A Valhalla For The ex-VVIPs

Updated: Jul 29 2002, 05:30am hrs
When the late Sarvepalli Radhakrishnans tenure as President of India came to an end, he retired to the comfort of his family home Girija in Chennais Mylapore. When the late Neelam Sanjiva Reddys term ended he went away to remote Anantapur, his hometown in Andhra Pradesh, and lived in semi-urban environs. But that was in a different time.

Today, every retired VVIP, the Indianism denoting a very, very important person, wants to retire in the comfort of Lutyens Delhi. Some say it all actually started with the then Congress governments decision to convert Teen Murti House into a Nehru Memorial Museum. Soon after came the death of Lal Bahadur Shastri and the decision to let his widow and family convert 11, Janpath into the Lal Bahadur Memorial. Even though Morarji Desai went away to live in his home in Mumbai, Indira Gandhis home was turned into a memorial and Jagjivan Rams daughter did ditto-ditto to retain a sprawling government home.

All this was way before ex-Presidents and ex-Prime Ministers started seeking official retirement quarters in Delhi. The first to set a new trend was Ms Sonia Gandhi who opted to stay on in her husbands home at 10, Janpath. His assassination also meant that along with the house she secured Z class security cover and today lives and travels like a head of government.

If Ms Gandhis is an exceptional case, that of former President R Venkatraman is unprecedented. He in fact moved to Chennai after completing his tenure at Rashtrapati Bhavan and came back to live in government accommodation in New Delhi, becoming a regular fixture at the capitals many parties and conclaves. The social life of ex-Presidents must be boring in far off places.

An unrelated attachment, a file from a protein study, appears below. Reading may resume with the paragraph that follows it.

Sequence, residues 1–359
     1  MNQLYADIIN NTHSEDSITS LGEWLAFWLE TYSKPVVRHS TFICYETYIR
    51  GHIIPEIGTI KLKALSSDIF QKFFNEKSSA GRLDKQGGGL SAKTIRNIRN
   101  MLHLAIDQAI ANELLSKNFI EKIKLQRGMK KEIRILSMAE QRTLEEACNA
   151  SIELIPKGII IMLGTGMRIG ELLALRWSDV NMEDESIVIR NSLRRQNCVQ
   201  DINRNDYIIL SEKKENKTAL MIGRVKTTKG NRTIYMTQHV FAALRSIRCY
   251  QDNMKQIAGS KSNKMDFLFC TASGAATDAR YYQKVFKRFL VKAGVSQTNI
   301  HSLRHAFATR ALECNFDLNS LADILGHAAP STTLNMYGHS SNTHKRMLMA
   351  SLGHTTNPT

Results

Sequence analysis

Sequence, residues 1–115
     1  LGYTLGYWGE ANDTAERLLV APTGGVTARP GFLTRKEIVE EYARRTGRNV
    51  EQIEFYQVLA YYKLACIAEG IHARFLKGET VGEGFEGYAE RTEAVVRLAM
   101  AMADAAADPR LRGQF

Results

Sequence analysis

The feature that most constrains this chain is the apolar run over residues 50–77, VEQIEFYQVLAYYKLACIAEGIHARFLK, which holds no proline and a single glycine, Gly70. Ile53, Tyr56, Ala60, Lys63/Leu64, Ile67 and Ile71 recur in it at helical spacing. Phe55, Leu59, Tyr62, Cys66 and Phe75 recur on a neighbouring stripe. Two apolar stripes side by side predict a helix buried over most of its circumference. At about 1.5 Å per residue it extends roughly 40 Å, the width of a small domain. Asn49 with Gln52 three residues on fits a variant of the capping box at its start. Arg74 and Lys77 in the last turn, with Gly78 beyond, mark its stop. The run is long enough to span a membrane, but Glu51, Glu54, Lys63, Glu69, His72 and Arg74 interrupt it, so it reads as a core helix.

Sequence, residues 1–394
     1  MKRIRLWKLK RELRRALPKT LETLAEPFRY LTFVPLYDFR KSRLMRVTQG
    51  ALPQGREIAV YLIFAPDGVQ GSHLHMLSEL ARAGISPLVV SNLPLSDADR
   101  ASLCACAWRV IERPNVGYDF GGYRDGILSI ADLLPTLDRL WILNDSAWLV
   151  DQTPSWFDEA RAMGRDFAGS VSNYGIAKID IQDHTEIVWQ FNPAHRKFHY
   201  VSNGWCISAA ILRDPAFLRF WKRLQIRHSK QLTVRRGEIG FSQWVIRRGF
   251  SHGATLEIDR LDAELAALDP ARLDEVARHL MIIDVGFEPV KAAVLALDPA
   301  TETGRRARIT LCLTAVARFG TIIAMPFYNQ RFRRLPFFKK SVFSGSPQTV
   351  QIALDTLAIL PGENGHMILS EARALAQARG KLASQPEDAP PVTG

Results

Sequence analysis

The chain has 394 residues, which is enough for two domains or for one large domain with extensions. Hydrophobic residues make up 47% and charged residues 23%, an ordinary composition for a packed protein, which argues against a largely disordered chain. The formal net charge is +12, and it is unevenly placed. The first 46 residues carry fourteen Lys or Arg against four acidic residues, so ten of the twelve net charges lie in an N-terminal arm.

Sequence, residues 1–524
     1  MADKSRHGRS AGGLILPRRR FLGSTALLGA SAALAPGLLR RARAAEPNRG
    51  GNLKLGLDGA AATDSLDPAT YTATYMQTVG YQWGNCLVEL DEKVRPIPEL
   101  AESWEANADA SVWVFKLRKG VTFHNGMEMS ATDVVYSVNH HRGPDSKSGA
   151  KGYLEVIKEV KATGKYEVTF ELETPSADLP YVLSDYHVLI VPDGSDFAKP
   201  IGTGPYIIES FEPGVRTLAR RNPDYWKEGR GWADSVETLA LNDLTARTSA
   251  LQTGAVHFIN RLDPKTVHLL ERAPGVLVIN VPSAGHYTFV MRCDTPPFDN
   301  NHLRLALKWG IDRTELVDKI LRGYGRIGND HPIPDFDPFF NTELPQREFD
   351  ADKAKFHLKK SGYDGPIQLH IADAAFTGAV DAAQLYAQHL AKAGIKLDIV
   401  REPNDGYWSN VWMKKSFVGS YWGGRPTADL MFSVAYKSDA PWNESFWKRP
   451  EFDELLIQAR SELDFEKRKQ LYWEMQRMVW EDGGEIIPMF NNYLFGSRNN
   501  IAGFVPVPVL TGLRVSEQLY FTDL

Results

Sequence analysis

Once Mr Venkatraman set a precedent who can blame Mr K R Narayanan for seeking accommodation in Lutyens Delhi even though he has a comfortable four-bedroom house on the Media Centre campus a few miles outside Delhi on the Gurgaon road. Retired Presidents can not live in such middle class comfort howsoever humble their origins or howsoever genuine their concern for the dispossessed.

Mercifully we do not yet have a surfeit of ex-Presidents, but look at the small army of ex-Prime Ministers squatting all over Lutyens Delhi. Five to be precise. Messers V.P. Singh, Chandra Shekhar, P V Narasimha Rao, Deve Gowda and I K Gujral. All with black cat commandos and two security escort cars. Since they frequently travel by air and some visit Delhis exclusive clubs they seem to need gun-totting gaurds more to protect them from irate citizens than dreaded terrorists.

When heads of state and government turn squatters who can blame lesser mortals like the late Phoolan Devis scheming husband for trying to convert her Ashoka Road residence in the heart of Delhi into a Phoolan Memorial. Fortunately for the unhoused politicians of the day this house grab attempt was foiled once elections in Uttar Pradesh were over!

Drive around New Delhi and there are so many government houses with names of ex-VVIps long dead and gone adorning them, some with a memorial society in place others with no such pretences. Less fortunate politicians switch political loyalty to remain with whichever party is in power so as to retain government accommodation. At least one senior ex-Cabinet minister is known to have changed party loyalties for the sake of housing.

Why blame politicians. High profile officials, some even espousing privatisation, the downsizing of government and an end to all non-merit subsidies think they merit subsidised government accommodation even after they have left government, in one case to earn a fat salary in dollars in a global financial institution!

As other senior citizens make similar claims, the young and active civil servants and holders of public office constantly in search of adequate accommodation will have to move out to suburban Delhi as Lutyens Delhi gets converted into a vast retirement home for ex-VVIPs.